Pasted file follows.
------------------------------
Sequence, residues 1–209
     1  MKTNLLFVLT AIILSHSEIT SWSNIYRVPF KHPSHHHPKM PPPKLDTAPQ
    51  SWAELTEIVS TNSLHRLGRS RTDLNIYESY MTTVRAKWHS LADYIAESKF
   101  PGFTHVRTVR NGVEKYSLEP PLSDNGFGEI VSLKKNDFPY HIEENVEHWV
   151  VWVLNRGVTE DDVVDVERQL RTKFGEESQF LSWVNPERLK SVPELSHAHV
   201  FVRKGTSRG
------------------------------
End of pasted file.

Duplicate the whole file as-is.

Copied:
Sequence, residues 1–209
     1  MKTNLLFVLT AIILSHSEIT SWSNIYRVPF KHPSHHHPKM PPPKLDTAPQ
    51  SWAELTEIVS TNSLHRLGRS RTDLNIYESY MTTVRAKWHS LADYIAESKF
   101  PGFTHVRTVR NGVEKYSLEP PLSDNGFGEI VSLKKNDFPY HIEENVEHWV
   151  VWVLNRGVTE DDVVDVERQL RTKFGEESQF LSWVNPERLK SVPELSHAHV
   201  FVRKGTSRG